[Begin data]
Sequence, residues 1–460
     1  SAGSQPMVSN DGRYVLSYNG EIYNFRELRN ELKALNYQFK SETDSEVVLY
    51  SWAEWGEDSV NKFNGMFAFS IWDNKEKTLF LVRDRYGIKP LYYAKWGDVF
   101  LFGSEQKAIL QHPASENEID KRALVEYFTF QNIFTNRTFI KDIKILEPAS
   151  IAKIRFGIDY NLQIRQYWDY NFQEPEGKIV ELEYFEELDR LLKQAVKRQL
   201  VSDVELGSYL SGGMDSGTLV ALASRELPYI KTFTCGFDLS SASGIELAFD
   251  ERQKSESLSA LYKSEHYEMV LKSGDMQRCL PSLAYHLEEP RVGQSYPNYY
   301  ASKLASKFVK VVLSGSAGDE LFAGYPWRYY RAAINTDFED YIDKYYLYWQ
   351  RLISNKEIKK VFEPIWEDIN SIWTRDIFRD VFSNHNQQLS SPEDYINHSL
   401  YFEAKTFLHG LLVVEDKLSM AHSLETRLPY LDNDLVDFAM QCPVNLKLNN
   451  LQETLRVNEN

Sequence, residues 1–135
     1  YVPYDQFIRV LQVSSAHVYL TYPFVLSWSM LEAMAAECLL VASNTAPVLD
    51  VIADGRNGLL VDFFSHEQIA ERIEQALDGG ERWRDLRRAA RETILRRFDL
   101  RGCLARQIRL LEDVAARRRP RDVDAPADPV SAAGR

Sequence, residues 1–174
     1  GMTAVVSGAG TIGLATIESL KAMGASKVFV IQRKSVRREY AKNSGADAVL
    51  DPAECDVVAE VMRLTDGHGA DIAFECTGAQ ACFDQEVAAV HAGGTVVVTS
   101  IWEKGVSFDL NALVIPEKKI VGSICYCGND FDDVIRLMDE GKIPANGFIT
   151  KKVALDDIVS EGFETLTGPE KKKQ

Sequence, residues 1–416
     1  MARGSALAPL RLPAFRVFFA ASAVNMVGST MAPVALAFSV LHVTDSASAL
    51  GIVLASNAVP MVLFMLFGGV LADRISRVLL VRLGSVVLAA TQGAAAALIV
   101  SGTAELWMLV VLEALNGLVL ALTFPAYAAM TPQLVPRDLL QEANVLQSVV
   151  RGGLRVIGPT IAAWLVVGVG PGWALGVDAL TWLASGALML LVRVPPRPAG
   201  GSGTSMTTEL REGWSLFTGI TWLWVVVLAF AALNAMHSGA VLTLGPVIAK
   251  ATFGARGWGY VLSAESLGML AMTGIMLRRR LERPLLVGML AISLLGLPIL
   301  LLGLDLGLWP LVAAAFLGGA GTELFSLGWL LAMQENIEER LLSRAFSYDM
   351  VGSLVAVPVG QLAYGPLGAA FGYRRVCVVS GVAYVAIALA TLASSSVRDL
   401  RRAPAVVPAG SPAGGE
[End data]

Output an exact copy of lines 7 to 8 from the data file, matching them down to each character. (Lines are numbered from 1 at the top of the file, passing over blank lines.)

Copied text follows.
   251  ERQKSESLSA LYKSEHYEMV LKSGDMQRCL PSLAYHLEEP RVGQSYPNYY
   301  ASKLASKFVK VVLSGSAGDE LFAGYPWRYY RAAINTDFED YIDKYYLYWQ